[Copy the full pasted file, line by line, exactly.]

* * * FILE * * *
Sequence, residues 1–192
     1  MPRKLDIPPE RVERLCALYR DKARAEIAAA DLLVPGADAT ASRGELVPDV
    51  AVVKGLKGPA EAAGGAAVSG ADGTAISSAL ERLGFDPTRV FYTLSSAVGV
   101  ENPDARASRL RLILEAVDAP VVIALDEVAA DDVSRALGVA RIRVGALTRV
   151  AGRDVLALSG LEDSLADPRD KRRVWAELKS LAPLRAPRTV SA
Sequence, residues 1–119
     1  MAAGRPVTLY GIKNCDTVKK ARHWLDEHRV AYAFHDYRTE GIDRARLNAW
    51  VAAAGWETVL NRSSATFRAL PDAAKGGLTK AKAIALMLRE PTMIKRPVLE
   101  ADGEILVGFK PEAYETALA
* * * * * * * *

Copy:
Sequence, residues 1–192
     1  MPRKLDIPPE RVERLCALYR DKARAEIAAA DLLVPGADAT ASRGELVPDV
    51  AVVKGLKGPA EAAGGAAVSG ADGTAISSAL ERLGFDPTRV FYTLSSAVGV
   101  ENPDARASRL RLILEAVDAP VVIALDEVAA DDVSRALGVA RIRVGALTRV
   151  AGRDVLALSG LEDSLADPRD KRRVWAELKS LAPLRAPRTV SA
Sequence, residues 1–119
     1  MAAGRPVTLY GIKNCDTVKK ARHWLDEHRV AYAFHDYRTE GIDRARLNAW
    51  VAAAGWETVL NRSSATFRAL PDAAKGGLTK AKAIALMLRE PTMIKRPVLE
   101  ADGEILVGFK PEAYETALA